News / Asia

Japan Gives Taiwan Rare Concession in East China Sea Dispute

Taiwan Coast Guard patrol ships are seen during a drill held about 30 nautical miles northwest of the port of Kaohsiung, southern Taiwan, March 30, 2013.
Taiwan Coast Guard patrol ships are seen during a drill held about 30 nautical miles northwest of the port of Kaohsiung, southern Taiwan, March 30, 2013.
Ralph Jennings
Japan gave Taiwan an unusual break this week in a stubborn ocean territorial dispute that also involves China. The first-ever concession met with applause in Taipei and a word of warning from Beijing. Japan controls the waters, but China and Taiwan both make unwavering claims.

Taiwan had pushed Japan for expanded fishing rights since 1996, vying with Tokyo and China for control of a massive stretch of the East China Sea believed rich in fisheries and natural gas.

On Wednesday talks reached a breakthrough, when Japan agreed to give Taiwanese fishing boats unconditional use of 4,530 more square kilometers of contested ocean.

The fisheries concession does not affect Japan’s four decades of control over the contested sea area, which is anchored by eight uninhabited islets. But the move signals that Japan wants relatively small Taiwan on its side, not China’s.

China has sent planes and allowed destructive mass protests to assert its claim since last year, when Japan nationalized the disputed islets it calls the Senkakus.

Nathan Liu, international affairs professor at Ming Chuan University in Taiwan, says Japan was afraid Taiwan would team up with China.

Handout photograph taken on a marine surveillance plane B-3837 shows the disputed islets, known as Senkaku in Japan and Diaoyu in China, December 13, 2012.Handout photograph taken on a marine surveillance plane B-3837 shows the disputed islets, known as Senkaku in Japan and Diaoyu in China, December 13, 2012.
x
Handout photograph taken on a marine surveillance plane B-3837 shows the disputed islets, known as Senkaku in Japan and Diaoyu in China, December 13, 2012.
Handout photograph taken on a marine surveillance plane B-3837 shows the disputed islets, known as Senkaku in Japan and Diaoyu in China, December 13, 2012.
"I think it’s because of what happened last year, because of the nationalization of the Senkaku islands, and China became more aggressive. So Japan worried about the cooperation between Taiwan and China. So that’s the reason why they compromised a little bit," he said.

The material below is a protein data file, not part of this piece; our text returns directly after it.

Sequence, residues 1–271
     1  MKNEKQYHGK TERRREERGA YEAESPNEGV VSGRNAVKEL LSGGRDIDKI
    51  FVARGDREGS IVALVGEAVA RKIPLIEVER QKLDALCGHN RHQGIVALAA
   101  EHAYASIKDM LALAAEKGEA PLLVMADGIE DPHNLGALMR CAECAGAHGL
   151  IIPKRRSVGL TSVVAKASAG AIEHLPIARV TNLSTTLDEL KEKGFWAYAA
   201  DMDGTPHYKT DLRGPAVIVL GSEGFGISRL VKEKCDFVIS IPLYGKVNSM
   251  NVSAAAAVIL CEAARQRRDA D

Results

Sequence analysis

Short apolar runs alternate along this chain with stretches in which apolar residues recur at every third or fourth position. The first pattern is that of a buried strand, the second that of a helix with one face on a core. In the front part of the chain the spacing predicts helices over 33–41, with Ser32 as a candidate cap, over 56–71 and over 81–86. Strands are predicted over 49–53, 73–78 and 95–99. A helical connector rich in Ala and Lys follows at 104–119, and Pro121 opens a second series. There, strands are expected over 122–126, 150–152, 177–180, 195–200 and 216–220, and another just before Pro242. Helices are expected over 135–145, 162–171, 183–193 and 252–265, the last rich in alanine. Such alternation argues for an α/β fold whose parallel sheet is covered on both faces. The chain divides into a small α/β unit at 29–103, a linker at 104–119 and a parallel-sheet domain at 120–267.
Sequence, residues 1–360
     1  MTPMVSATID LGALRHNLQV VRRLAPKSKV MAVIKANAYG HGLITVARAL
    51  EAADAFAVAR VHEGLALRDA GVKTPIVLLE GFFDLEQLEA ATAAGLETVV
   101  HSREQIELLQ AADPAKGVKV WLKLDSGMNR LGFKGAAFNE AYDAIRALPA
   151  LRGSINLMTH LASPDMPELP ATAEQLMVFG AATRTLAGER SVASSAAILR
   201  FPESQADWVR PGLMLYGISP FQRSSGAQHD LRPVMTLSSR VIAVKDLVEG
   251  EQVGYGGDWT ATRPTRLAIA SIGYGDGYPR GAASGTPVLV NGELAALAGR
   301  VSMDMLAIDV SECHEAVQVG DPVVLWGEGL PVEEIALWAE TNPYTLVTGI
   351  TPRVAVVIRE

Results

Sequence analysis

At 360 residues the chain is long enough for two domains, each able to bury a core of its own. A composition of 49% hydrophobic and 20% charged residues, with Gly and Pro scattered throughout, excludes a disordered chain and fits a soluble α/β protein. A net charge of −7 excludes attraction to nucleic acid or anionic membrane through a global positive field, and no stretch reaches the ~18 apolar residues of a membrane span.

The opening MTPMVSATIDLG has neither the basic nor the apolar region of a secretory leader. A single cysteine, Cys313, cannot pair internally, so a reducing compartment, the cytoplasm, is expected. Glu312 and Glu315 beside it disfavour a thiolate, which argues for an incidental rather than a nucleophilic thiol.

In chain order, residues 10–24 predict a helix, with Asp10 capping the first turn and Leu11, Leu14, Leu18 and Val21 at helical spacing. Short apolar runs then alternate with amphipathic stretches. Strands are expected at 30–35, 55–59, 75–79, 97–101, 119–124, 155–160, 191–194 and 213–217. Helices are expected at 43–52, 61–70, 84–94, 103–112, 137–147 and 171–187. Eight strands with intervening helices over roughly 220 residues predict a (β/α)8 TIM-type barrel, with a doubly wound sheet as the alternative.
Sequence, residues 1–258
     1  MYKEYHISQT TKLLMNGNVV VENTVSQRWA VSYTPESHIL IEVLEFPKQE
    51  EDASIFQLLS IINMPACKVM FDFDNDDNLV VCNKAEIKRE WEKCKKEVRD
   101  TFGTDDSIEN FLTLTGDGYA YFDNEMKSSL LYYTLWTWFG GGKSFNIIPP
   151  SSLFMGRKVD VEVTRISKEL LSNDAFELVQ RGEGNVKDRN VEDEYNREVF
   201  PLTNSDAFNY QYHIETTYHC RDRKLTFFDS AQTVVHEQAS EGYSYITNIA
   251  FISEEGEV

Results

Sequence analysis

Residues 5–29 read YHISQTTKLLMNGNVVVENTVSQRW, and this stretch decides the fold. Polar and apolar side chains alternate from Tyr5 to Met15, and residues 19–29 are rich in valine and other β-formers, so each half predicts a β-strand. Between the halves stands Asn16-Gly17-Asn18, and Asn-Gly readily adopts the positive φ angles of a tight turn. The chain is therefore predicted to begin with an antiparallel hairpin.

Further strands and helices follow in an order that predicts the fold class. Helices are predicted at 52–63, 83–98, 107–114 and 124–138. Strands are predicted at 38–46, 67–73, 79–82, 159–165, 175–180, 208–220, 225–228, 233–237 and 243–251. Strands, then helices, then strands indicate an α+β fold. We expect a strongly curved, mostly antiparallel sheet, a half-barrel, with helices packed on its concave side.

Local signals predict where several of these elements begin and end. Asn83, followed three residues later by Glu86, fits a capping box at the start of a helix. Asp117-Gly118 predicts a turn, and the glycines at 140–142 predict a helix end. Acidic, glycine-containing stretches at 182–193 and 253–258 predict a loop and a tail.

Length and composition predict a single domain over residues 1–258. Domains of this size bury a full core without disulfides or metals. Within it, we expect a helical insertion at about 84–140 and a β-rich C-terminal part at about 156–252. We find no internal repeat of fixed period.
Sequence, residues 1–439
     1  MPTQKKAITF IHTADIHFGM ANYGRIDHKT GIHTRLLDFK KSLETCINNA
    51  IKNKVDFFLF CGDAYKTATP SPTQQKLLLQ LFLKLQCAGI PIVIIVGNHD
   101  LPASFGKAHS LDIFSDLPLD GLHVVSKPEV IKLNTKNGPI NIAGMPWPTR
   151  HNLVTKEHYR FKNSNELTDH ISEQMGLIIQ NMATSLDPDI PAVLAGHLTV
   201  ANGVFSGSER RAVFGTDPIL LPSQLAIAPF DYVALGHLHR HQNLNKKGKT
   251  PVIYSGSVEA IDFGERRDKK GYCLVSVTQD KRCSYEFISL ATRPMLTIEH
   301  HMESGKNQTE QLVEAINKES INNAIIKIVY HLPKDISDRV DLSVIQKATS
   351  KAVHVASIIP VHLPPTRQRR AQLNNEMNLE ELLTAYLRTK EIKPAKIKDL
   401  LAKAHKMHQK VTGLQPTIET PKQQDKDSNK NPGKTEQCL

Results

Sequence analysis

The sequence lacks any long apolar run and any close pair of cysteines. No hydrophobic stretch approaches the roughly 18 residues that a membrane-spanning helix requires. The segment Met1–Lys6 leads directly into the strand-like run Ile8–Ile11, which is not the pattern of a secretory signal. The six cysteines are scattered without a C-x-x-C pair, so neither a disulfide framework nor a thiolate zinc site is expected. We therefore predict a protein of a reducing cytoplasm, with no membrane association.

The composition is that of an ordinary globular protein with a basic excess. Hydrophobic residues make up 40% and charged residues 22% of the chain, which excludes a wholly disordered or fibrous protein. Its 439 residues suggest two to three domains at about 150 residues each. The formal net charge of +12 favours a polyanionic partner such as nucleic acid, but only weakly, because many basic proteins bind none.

China’s Foreign Ministry spokesman, Hong Lei, urged Japan Wednesday to follow its pledges to recognize only one China and carefully handle issues involving Taiwan. China claims sovereignty over Taiwan and forbids its 170 diplomatic allies, including Japan, from activity that suggests Taiwan is a separate country.

Taiwan’s relations with China have improved since 2008 despite Beijing’s claims of sovereignty and Taiwan’s continued self-rule, though officials in Taipei say they are not allied with Beijing in the maritime dispute.

Japan, the world’s third largest economy, already spars with China, the second largest, on a host of other political and historical issues. Japan considers Taiwan a close informal ally, especially during heated disputes with China.

The fisheries breakthrough was received well in Taiwan, where President Ma Ying-jeou has been criticized for doing too little on diplomacy.

Anna Kao, spokeswoman for the Foreign Ministry in Taipei, says the fisheries deal followed Taiwan’s efforts to improve ties with Japan.

She says Taiwan has been gradually pushing for improved relations with Japan and only on that foundation were the two sides able to reach consensus on fishing rights. 

Taiwanese fishing boats have historically trawled the disputed waters that are 222 kilometers east of Taipei but would be turned away by Japanese coast guard vessels. Local media reported that the fishing industry was ecstatic about the rights deal as about 800 vessels make their way to the disputed ocean area every year.

You May Like

Video 2nd American Reportedly Killed in Syria